Brent crude oil futures, the international benchmark for oil prices, were at $66.43 a barrel at 0608 GMT, down 36 cents, or 0.5 percent, from their last close.
U.S. West Texas Intermediate (WTI) crude futures were at $56.97 per barrel, 23 cents, or 0.4 percent, below their last settlement.
The dips followed price increases earlier in the session.
“Upside potential has shown to be shaky as bullish movements lose steam,” said Benjamin Lu of Singapore-based brokerage Phillip Futures.
Oil prices are almost a quarter below their recent peaks in early October, weighed down by surging supply, especially from the United States.
U.S. crude oil production has soared by almost 25 percent this year, to a record 11.7 million barrels per day (bpd).
That comes amid widespread market expectations of an economic slowdown, which saw Asian stock markets tumble on Tuesday, adding to sharp losses on Wall Street the previous day.
As a result, financial traders have become wary of oil markets, seeing further price downside risks from the growth in U.S. shale production as well as the deteriorating economic outlook.
Portfolio managers have sold the equivalent of 553 million barrels of crude and fuels in the last seven weeks, the largest reduction over a comparable period since at least 2013.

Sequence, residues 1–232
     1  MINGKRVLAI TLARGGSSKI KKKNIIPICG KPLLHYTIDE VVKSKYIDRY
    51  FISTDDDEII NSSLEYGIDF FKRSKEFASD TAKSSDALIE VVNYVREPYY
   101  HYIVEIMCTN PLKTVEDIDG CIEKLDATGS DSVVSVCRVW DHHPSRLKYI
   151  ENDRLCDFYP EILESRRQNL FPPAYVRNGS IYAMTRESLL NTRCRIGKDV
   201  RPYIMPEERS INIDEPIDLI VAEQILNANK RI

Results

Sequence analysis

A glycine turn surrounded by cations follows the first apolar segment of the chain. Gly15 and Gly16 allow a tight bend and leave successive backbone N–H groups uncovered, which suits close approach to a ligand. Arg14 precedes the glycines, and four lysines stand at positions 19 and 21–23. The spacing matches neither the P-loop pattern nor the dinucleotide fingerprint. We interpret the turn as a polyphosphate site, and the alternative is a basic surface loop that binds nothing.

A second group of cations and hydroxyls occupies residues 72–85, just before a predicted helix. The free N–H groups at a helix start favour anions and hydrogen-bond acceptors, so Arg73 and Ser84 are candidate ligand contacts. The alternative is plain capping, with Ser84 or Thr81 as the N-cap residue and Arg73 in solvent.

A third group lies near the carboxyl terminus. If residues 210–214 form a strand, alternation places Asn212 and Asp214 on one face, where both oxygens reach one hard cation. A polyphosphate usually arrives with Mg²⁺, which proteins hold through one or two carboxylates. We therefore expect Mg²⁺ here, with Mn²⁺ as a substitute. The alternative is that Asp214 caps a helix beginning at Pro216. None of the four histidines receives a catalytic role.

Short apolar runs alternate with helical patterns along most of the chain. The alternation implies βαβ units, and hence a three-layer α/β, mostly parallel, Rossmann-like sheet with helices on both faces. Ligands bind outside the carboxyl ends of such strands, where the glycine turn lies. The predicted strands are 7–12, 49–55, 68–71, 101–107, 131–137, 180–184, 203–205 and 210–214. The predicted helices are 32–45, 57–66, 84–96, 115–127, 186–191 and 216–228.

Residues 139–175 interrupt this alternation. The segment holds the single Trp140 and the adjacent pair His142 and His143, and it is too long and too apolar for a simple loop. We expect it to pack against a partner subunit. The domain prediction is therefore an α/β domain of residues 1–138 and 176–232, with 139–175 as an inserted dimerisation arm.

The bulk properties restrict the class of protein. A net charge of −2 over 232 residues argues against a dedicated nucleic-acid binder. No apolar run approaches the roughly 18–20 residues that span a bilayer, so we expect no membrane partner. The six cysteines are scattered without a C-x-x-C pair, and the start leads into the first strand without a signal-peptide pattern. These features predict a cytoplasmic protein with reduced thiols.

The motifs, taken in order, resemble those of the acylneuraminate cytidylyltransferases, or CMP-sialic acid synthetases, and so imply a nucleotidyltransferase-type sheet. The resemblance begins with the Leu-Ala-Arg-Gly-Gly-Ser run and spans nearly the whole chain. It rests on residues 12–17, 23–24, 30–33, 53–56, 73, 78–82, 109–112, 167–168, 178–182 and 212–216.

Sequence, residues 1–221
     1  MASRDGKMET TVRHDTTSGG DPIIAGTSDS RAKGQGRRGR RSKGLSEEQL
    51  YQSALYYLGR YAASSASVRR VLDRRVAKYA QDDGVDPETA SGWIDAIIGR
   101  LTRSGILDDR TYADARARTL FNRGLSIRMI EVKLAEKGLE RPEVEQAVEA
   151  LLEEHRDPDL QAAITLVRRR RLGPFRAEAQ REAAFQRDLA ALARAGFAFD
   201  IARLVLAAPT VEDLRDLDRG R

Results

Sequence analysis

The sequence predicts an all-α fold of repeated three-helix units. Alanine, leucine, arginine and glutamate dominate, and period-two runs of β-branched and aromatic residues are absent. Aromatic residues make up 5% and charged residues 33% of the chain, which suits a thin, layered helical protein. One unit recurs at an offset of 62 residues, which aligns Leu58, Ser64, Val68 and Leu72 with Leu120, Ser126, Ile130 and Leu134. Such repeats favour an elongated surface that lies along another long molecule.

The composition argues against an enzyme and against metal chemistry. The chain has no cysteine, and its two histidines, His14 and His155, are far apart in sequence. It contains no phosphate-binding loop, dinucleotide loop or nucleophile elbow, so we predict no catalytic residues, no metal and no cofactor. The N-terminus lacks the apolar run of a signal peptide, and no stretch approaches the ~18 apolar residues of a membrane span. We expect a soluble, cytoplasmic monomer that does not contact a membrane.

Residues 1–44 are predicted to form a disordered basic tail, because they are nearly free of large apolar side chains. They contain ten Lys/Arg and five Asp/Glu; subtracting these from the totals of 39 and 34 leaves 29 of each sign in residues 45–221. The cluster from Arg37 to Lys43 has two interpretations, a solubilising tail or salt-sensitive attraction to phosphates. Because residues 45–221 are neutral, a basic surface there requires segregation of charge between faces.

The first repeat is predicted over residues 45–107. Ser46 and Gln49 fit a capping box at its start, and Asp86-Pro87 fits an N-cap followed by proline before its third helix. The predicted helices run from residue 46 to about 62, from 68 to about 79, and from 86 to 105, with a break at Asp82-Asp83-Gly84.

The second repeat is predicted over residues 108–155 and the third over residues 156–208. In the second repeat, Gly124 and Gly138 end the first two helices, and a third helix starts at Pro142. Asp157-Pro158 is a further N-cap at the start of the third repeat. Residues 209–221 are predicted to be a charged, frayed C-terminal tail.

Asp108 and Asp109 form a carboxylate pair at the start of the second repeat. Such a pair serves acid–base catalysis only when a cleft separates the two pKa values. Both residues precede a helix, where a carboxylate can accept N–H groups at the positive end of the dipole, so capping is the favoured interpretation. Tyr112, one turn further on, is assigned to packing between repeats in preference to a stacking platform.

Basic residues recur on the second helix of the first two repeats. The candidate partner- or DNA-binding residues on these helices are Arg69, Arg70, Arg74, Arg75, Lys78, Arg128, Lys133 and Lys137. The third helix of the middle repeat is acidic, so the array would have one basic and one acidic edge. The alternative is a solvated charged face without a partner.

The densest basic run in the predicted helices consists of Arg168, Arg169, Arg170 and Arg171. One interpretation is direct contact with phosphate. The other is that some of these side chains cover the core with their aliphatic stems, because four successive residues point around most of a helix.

Funds now hold a net long position of just 547 million barrels, less than half the recent peak of 1.1 billion at the end of September, and down from a record 1.484 billion in January.
OPEC CUTS EXPECTED
Concerned about an emerging production overhang similar to the one that led to a price slump in 2014, OPEC is pushing for a supply cut of 1 million to 1.4 million bpd.
“We expect OPEC to agree to a supply cut at its next official meeting on 6 December,” French bank BNP Paribas said.
The bank added that it expected Brent to recover to $80 per barrel before year-end.
“In 2019, we expect WTI to average $69 per barrel and Brent $76 per barrel,” BNP said.
The International Energy Agency (IEA), which represents the interest of oil consumers, on Monday warned OPEC and other producers of the “negative implications” of supply cuts, with many analysts fearing that a spike in crude prices could erode consumption.
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